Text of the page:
Rotating machinery is central to transportation and power generation, and maximizing its uptime while minimizing unplanned maintenance is important from safety and economic perspectives. Roller bearings are ubiquitous
components in such machinery and are very often the cause of failures; thus, condition monitoring of roller bearings is a topic of key interest to many industries. Historically accomplished using human expertise and experience to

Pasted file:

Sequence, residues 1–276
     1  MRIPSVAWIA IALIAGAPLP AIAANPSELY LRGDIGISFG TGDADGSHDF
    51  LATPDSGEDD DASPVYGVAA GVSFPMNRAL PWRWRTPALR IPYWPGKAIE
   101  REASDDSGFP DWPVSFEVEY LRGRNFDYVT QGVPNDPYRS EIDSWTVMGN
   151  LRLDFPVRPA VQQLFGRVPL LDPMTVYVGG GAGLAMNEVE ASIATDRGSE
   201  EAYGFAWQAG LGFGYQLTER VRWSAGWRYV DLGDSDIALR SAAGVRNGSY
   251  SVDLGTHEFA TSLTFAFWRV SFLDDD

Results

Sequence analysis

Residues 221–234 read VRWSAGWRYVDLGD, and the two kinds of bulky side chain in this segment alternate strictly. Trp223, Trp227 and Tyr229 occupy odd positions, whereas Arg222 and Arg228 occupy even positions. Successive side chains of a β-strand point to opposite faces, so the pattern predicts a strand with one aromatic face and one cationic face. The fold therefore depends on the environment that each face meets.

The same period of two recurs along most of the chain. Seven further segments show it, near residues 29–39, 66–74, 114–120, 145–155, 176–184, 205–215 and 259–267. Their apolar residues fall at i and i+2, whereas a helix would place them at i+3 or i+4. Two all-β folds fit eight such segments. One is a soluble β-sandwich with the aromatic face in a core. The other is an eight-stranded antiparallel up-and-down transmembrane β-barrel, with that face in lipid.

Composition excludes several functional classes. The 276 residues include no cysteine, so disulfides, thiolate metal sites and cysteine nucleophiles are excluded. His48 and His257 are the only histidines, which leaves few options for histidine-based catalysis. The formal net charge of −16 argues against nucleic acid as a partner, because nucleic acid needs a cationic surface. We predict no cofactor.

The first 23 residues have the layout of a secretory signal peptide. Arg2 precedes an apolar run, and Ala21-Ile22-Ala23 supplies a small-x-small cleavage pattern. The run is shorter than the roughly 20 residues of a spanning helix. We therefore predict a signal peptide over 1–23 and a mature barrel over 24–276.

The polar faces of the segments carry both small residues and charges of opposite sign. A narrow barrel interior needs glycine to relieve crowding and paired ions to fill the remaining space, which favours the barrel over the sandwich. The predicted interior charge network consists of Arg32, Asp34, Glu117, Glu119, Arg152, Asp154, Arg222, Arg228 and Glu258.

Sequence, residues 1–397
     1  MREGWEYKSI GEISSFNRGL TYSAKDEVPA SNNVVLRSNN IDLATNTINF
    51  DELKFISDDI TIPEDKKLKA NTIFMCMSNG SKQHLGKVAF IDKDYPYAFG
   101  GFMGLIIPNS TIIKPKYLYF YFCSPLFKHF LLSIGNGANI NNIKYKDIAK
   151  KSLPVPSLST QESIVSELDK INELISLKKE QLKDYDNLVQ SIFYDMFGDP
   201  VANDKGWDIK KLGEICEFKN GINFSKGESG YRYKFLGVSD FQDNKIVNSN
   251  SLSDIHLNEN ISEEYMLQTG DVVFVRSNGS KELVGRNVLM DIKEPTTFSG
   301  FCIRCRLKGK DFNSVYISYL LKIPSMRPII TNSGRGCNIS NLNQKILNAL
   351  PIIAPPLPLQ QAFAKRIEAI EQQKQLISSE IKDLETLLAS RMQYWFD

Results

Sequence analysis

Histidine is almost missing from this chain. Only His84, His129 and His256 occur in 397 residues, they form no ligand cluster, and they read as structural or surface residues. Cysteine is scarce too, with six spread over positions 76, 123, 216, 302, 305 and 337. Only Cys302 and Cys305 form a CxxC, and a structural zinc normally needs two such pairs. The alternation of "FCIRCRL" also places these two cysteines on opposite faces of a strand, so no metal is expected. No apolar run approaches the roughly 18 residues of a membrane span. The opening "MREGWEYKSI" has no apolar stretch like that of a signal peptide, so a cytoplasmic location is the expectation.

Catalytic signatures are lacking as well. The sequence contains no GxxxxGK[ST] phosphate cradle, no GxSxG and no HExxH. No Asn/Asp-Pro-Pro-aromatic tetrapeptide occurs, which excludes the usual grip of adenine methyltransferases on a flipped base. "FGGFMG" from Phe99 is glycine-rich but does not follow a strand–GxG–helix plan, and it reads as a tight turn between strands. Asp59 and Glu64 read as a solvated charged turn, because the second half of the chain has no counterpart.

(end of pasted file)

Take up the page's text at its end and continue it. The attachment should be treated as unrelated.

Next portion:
estimate the condition of a machine from a limited set of signals and curated statistical features, machine learning has become an effective tool in bearing fault identification with modern computing and algorithmic advances. In this regard, two major challenges exist: first, the availability of inservice data from bearings containing faults is often rare or difficult to obtain, and moreover, for machines being deployed to the field for the first time, no such data exists. Secondly, the extracted statistical measures (features) must be chosen to maximize the classifier accuracy (or another metric), and their selection of these to maximize accuracy can be a challenging task. We directly address these challenges with two separate approaches. With validation against four experimental datasets, we show that in the absence of recorded in-service data, machine learning algorithms trained using simulated bearing vibration signals (i.e. simulation-driven machine learning) can classify bearing race faults with greater accuracy than those trained using data collected from other machines. Next, we propose convolutional neural networks and nearest-neighbor dynamic time warping (NNDTW) as statistical feature-free methods to detect bearing race faults using a signal processing pipeline based on angle synchronous averaging. We show that these methods offer superior accuracy from the simulation-driven perspective and can predict an inservice wind turbine fault over one month before failure.
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